Welcome to another installment of “What Went Wrong?”. Today, I’m interviewing one of the many dark horses of the game show world, Bill Rafferty. You know him best from 3 shows. Those would be Every Second Counts, Card Sharks, and Blockbusters. I had the pleasure of interviewing him via Facebook. Here’s what he looks like, just for reference.
Just a note: I heavily edited this interview, mostly capitalization. Don’t get me wrong. It’s just that, according to him, ” because of vision problems my typing sucks”. Yet, he managed to get all this to me in the same day. For that, I thank him.
Greg Palmer: Hello, Bill. First off, how did you get involved in show business?
Bill Rafferty: I got my start in show biz here in San Francisco. A am by trade a stand up comedian. George Schlatter was remaking his original comedy hit Laugh-In. He cast me, Robin Williams, and three other SF talents in the new show. It created a lot of buzz around the country. The show was not successful on NBC. It did lead to me being brought back to the network when George launched Real People on NBC a few years later. 5 years in prime time.
GP: Now, most people don’t know this, but you got started on a reality show called Real People. Well, most of my readers are college students, they don’t know what Real People is about. Heck, I hardly know what it’s about myself, seeing as it’s not rerun anywhere. Yet through this, you managed to get on Family Feud with Sarah Purcell (who coincidentially hosted a Goodson-Todman game show with Bill Anderson). What is Real People about?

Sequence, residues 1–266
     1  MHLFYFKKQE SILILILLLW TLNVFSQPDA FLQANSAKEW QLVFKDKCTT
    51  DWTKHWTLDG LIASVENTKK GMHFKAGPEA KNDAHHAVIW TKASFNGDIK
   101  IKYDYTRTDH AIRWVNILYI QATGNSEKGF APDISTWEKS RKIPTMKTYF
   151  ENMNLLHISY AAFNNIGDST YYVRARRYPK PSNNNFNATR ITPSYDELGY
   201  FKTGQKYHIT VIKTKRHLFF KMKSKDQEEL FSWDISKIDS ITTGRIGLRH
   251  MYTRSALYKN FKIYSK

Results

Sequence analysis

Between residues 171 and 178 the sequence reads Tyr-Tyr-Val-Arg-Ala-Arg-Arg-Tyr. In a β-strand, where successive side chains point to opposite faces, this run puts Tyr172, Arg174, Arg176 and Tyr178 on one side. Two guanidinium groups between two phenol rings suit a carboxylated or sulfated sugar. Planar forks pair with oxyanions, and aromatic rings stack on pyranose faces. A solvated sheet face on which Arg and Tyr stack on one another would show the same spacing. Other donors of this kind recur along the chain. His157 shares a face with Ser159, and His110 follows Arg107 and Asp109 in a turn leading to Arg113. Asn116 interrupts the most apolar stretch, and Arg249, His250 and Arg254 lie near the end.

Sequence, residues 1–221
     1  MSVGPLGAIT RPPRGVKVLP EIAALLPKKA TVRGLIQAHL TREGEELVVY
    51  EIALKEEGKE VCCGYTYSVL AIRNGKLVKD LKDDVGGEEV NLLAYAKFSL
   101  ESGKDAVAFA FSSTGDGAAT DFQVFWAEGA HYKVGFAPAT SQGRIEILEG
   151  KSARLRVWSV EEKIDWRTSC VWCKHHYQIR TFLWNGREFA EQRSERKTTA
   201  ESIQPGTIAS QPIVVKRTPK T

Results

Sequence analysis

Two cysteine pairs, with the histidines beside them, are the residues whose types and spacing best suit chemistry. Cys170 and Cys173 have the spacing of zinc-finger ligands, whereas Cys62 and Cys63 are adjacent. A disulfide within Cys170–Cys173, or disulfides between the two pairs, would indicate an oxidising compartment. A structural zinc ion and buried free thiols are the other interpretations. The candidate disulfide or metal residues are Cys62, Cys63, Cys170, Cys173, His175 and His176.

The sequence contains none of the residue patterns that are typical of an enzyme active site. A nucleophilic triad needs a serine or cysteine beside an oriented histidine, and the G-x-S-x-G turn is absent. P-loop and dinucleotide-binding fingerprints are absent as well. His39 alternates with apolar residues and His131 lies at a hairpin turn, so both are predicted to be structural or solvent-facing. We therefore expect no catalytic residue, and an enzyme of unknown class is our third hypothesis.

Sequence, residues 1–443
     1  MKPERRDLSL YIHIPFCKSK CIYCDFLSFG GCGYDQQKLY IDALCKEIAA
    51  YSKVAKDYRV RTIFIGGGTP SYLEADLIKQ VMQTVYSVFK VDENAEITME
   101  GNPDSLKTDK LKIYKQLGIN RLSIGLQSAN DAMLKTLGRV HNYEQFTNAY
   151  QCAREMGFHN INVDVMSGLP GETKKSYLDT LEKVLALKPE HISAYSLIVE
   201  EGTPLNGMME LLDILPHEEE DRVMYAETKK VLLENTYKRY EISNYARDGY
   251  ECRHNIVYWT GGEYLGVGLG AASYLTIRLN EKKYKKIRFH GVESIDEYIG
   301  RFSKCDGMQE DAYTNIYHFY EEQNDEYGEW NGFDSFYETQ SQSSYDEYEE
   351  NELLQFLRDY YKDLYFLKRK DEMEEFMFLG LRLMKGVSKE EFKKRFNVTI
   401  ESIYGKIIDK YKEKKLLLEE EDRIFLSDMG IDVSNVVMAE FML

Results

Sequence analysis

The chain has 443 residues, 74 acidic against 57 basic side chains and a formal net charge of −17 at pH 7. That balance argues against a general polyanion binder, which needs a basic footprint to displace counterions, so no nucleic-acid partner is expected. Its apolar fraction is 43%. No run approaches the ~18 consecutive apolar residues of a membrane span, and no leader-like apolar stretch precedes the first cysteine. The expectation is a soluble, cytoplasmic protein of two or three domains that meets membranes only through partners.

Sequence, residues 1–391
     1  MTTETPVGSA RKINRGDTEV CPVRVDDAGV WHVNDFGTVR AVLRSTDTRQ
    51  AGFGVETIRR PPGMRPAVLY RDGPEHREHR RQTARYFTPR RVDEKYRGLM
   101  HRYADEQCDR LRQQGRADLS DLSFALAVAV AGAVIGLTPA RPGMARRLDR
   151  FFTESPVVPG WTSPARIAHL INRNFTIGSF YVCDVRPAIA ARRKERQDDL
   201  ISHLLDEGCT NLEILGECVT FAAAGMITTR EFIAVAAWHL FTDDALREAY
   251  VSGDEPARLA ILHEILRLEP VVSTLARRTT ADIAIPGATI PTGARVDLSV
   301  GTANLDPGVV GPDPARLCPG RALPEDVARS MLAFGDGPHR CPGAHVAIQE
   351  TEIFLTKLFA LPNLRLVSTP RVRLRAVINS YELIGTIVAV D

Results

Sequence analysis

BR: Real People was the reality show that started it all. The original cast was me, Sara, Fred Willard, John Barbour and Skip Stephenson. The first 6 shows were live. It was the show that created the phrase “infotainment”. We would travel the country doing stories about real people from the eccentric to the truly heroic. I also feel that I helped define the role of the interactive reporter that is so prevalent today. The show really struck a chord with [the] Heartland [of] America and gave me a new journalistic news persona that I still profit from today.
(And here’s a clip from the British version)
GP: Your first big game was Every Second Counts, it lasted a year in syndication. First off, how did you get involved with this? What was it like working on the show? It lasted only one year here but much longer in England. 7 years to be exact. [You may want to look it up on YouTube to see what I mean.] Why do you think that is?
BR: I hosted a series of specials for Westinghouse called Evening Special Editions. This plus Real People led to Every Second Counts. It was the perfect show for me. It meldedmy comedy with hosting, I loved it. To this day I think it was the best show I ever did. The reason it did not last was very competitive politics at the Westinghouse [corporate] level. There were some people there who simply did not want the show to succeed. A real eye opener. The good part? It introduced me to the game show community.